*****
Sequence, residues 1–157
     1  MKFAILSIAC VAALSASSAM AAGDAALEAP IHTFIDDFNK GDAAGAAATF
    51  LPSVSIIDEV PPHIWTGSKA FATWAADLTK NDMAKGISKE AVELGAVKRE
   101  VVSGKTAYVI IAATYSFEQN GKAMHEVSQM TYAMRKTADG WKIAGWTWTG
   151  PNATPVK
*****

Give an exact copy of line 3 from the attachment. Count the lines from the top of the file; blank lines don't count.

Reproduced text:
    51  LPSVSIIDEV PPHIWTGSKA FATWAADLTK NDMAKGISKE AVELGAVKRE